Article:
'Ayodhya: India's top court gives Hindus site claimed by Muslims'; Here's how foreign media covered Supreme Court verdict
The Supreme Court's decision in the Ayodhya land dispute to give the 2.77 acres land to the Ram Janmabhoomi Trust on Saturday was covered extensively by the global media. US newspapers, including The New York Times, The Washington Post, The Wall Street Journal, The Guardian and CNN, stuck to ground reports. The media in Pakistan, however, critqued the verdict and several newspapers, like Dawn and Geo News commented on the verdict and said that the ruling on 'Babri mosque' will 'embolden the foot soldiers of Hindutva'.
The Supreme Court's decision to give the 2.77 acres land to the Ramjanmabhoomi Trust on Saturday was covered extensively by the global media. US newspapers, including The New York Times, The Washington Post, The Wall Street Journal, The Guardian and CNN, stuck to ground reports. Media in Pakistan, however, took note of the verdict and several newspapers, like Dawn and Geo News commented on the verdict and said that the ruling on "Babri mosque" will "embolden the foot soldiers of Hindutva".
The coverage of the Ayodhya verdict was quite vast in the foreign media. While Pakistani media gave its share of coverage to the judgment, US media, especially The Wall Street Journal, The Guardian and The New York Times was critical of how a "Hindu majority" party has driven a "communal agenda" after its re-election.
Pakistan media's coverage
In an editorial titled, Babri mosque verdict will embolden the foot soldiers of Hindutva and send a message to minorities, Dawn noted that the ruling of the Supreme Court has "indirectly supported the vandalism by the mobs."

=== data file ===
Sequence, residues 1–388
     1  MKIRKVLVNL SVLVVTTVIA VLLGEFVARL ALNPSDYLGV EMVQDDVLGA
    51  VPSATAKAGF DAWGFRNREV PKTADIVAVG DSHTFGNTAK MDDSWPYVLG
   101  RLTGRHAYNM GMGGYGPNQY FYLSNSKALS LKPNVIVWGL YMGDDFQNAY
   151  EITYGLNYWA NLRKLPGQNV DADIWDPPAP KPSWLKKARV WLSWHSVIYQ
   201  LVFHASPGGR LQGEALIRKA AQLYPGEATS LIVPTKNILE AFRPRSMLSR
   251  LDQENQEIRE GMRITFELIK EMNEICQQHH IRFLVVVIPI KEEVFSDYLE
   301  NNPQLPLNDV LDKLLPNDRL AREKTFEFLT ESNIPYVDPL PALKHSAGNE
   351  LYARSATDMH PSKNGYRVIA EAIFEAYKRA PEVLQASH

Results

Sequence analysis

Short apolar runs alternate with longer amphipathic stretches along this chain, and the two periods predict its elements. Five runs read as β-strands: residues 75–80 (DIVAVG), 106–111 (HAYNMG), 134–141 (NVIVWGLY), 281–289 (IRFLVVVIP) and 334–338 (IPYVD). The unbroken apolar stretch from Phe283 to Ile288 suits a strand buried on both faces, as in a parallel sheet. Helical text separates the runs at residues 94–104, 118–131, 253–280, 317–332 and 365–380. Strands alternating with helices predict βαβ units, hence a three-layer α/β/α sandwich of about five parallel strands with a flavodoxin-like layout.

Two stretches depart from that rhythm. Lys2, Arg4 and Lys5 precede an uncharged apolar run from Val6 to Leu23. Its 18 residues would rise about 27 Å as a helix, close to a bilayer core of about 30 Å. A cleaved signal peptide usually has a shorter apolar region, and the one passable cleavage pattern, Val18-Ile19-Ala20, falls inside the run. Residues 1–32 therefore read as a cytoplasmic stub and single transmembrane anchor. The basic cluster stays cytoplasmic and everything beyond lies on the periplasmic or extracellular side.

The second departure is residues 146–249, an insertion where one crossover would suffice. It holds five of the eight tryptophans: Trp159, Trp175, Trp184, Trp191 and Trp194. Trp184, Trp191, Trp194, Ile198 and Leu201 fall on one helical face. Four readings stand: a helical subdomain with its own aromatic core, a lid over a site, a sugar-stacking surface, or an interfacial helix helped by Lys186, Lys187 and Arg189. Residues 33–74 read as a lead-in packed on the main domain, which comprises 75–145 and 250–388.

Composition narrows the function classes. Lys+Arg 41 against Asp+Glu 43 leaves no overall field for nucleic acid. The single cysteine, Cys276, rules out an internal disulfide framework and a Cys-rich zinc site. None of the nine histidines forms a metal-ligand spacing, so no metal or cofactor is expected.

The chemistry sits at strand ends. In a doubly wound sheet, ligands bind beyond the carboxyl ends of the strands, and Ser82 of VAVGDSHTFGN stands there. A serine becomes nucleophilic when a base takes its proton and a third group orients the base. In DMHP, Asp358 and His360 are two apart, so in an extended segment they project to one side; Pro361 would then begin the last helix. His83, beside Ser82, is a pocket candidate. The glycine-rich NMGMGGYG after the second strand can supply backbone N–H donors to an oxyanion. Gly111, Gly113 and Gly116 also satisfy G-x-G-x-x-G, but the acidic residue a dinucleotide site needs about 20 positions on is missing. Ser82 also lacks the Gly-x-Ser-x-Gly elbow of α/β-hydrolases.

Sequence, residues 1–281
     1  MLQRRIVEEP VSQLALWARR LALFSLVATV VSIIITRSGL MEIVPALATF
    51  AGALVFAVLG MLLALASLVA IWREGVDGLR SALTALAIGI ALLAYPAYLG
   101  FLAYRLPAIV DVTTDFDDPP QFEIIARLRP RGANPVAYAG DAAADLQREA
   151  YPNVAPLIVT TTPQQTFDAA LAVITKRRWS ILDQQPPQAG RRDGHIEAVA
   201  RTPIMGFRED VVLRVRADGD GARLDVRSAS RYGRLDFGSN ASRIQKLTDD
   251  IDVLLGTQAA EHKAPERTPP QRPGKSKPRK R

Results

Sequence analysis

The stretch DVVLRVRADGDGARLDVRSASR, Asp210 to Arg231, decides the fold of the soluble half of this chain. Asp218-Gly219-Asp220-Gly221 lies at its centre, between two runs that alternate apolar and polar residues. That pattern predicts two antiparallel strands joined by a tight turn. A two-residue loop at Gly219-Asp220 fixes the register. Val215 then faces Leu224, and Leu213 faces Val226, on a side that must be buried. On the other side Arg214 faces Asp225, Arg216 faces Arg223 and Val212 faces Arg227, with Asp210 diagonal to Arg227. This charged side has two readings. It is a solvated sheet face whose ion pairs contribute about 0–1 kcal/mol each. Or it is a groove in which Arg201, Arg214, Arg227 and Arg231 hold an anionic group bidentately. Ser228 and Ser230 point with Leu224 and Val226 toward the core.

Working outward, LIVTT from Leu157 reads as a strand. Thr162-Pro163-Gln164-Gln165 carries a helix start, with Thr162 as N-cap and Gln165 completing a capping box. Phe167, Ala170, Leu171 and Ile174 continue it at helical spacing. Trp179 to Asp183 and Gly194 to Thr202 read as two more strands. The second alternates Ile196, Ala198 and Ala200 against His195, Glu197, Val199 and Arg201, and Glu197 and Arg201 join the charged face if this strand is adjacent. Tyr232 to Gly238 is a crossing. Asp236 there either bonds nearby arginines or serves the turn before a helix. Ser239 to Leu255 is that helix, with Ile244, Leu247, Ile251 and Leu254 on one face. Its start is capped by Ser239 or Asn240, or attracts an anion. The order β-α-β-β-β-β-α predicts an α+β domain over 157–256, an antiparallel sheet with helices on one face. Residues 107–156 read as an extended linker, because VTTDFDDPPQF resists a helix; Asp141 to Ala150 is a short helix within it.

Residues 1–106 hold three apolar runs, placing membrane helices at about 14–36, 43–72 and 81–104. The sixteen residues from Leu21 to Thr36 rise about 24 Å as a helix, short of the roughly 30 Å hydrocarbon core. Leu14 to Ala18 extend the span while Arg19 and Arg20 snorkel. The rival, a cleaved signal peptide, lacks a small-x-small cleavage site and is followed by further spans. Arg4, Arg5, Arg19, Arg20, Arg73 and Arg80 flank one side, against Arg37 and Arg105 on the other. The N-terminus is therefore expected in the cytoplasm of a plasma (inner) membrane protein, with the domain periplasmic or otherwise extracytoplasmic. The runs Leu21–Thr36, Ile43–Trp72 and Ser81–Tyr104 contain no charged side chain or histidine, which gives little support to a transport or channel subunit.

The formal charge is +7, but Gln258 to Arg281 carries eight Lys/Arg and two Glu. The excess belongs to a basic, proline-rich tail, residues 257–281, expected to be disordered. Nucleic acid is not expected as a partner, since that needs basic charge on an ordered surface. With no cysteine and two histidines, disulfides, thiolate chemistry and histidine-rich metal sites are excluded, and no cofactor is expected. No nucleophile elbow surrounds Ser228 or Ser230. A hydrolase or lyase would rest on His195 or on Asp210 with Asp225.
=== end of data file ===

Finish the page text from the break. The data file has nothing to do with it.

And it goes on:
"Perhaps it would have been better had the court given the site to neither side, considering the sensitivity of the matter and its impact on communal relations in India. Moreover, on matters of faith and devotion, it is best if state institutions maintain a non-sectarian outlook to ensure justice for all citizens."
In another report, headlined "India's SC says temple to be built on disputed Ayodhya site, alternative land to be provided for mosque", Dawn said that the "unanimous decision" is likely to have a "significant impact on fraught relations between India’s Hindus and Muslims..."
Other publications, like the Geo News, The Express Tribue and The Nation, gave normal coverage to the issue. Headlines ranged from: "Indian Supreme Court gives Babri Mosque land to Hindus, allots alternate land to Muslims" (Geo News) to "India's SC says temple to be built on disputed Ayodhya site, alternative land to be provided for mosque".
US media's coverage
The New York Times
In a piece headlined, "Court Backs Hindus on Ayodhya, Handing Modi Victory in His Bid to Remake India", the newspaper, which has been a vocal critic of the "Hindu majoritarian politics" of the Bharatiya Janata Party, noted, "India’s Supreme Court on Saturday ruled in favor of Hindus over a piece of land Muslims also claim, greenlighting the construction of a temple on the site where a mosque stood before it was demolished by a frenzied mob three decades ago, an event that has set the tone for the country’s sectarian tensions since. In the lead up to the decision, right-wing Hindus said the ruling would cement their status as leaders of India after centuries of rule by first the Muslim Moghul Empire and then British colonialists. But Muslims fear that the decision will relegate them to second class citizens and could potentially empower Hindu extremists."
The ground report on BBC noted that despite warnings by authorities, " not to celebrate the verdict, BBC correspondents in court say they heard chants of "Jai Shree Ram" (Hail Lord Ram) outside as the judgement was pronounced."
In an editorial, the BBC noted that "arguably one of the world's most contentious property dispute"..."over the plot has polarised, frustrated and exhausted India." The analysis quoted lawyer Sanjay Hegde who said that the verdict showed "judicial craftsmanship and statesmanship where the letter of the law was adhered to, but the relief was moulded, taking into account the ground realities."